Ancient Agora of Athens

The ancient Agora of Athens (also called the Classical Agora) is the best-known example of an ancient Greek agora, located to the northwest of the Acropolis and bounded on the south by the hill of the Areopagus and on the west by the hill known as the Agoraios Kolonos, also called Market Hill.[1] The Agora's initial use was for a commercial, assembly, or residential gathering place.[2]

A number of other notable monuments were added to the agora. Some of these included:

The ancient Athenian agora has been excavated by the American School of Classical Studies at Athens (ASCSA) since 1931 under the direction of T. Leslie Shear, Sr.[14] The excavation was negotiated and directed by the ASCSA's chair of the agora excavation committee, Edward Capps, who the school would honor with a memorial overlooking the project.[15][16][17] They continue to the present day, now under the direction of John McK Camp.

After the initial phase of excavation, in the 1950s the Hellenistic Stoa of Attalos was reconstructed on the east side of the agora, and today it serves as a museum and as storage and office space for the excavation team.[18]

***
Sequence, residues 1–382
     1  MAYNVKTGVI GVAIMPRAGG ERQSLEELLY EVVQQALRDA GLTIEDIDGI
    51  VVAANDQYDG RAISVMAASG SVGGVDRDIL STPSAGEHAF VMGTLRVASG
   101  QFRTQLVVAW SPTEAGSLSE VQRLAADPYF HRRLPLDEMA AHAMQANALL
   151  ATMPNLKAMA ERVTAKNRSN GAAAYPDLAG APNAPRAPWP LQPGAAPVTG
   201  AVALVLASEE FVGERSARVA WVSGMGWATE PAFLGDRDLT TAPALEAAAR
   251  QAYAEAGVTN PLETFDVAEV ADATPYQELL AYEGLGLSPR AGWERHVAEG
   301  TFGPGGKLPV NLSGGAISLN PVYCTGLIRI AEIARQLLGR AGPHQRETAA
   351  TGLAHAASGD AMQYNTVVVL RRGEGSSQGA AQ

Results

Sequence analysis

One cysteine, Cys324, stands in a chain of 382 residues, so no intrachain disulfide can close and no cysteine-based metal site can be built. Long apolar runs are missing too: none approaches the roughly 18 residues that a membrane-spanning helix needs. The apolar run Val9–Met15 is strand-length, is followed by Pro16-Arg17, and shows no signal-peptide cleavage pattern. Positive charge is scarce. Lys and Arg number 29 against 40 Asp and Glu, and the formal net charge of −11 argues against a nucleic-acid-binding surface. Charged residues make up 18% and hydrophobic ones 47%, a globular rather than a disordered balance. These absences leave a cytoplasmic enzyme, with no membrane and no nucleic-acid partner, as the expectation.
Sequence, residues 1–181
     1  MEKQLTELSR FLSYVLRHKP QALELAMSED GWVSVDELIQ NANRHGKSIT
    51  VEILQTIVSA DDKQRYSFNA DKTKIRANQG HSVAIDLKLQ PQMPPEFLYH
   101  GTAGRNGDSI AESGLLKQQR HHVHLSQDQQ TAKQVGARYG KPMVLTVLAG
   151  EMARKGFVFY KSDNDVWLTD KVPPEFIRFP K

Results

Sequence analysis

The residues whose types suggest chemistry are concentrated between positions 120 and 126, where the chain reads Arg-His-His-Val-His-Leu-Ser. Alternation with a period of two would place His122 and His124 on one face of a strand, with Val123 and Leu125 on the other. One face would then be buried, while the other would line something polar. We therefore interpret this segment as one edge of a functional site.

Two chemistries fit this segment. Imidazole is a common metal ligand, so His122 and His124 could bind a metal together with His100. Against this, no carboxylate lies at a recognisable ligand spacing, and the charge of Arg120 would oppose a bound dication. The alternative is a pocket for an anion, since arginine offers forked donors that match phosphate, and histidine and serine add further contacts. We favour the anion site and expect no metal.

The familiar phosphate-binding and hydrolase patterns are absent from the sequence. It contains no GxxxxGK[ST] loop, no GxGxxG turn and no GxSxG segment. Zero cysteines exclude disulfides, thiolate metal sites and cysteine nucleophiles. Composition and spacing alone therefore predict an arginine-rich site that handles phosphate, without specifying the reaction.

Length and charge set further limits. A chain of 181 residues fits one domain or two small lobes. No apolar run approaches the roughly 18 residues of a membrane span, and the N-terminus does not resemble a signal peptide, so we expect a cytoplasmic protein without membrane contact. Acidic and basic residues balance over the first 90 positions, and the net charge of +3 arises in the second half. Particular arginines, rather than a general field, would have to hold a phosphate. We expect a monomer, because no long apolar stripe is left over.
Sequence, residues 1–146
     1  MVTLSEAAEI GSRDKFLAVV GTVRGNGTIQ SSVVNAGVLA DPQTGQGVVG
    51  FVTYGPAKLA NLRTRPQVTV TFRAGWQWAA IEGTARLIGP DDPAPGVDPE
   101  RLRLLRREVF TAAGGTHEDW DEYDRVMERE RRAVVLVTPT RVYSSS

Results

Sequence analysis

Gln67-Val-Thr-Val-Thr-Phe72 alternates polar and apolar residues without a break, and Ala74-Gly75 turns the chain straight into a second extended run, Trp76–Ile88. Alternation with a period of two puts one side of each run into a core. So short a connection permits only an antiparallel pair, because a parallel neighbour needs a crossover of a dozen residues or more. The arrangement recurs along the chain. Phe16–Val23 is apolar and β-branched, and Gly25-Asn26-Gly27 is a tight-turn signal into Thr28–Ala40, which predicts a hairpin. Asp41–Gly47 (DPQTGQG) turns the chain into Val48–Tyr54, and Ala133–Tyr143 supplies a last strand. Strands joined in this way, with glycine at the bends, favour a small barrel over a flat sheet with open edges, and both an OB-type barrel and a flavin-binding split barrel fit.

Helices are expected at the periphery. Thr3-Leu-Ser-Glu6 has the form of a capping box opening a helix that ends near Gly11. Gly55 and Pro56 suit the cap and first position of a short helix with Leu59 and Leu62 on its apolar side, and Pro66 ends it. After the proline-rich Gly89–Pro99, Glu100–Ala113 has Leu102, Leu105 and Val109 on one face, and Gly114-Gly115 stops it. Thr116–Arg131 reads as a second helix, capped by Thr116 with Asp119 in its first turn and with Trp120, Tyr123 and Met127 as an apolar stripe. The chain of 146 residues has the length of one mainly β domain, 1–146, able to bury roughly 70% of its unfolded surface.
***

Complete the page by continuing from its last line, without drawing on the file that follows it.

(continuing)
A virtual reconstruction of the Ancient Agora of Athens has been produced through a collaboration of the American School of Classical Studies at Athens and the Foundation of the Hellenic World, which had various output (3d video, VR real-time dom performance, Google Earth 3d models).[19]

Evidence of planting was discovered during the excavations and in January 4, 1954 the first oak and laurel trees were planted around the Altar of Zeus by Queen Frederika and King Paul as part of the efforts to restore the site with plants that would have been found there in antiquity.[20]

The museum is housed in the Stoa of Attalos, and its exhibits are connected with the Athenian democracy. The collection of the museum includes clay, bronze and glass objects, sculptures, coins and inscriptions from the 7th to the 5th century BC, as well as pottery of the Byzantine period and the Turkish occupation. The exhibition within the museum contains work of art which describes the private and public life in ancient Athens. In 2012, new sculpture exhibition was added to the museum which includes portraits from Athenian Agora excavation. The new exhibition revolves around portraits of idealized gods, officially honored people of the city, wealthy Roman citizens of the 1st and 2nd century AD, 3rd-century citizens and finally on work of art from private art schools of late antiquity.[21]

Coordinates: 37°58′30″N 23°43′21″E / 37.97500°N 23.72250°E / 37.97500; 23.72250


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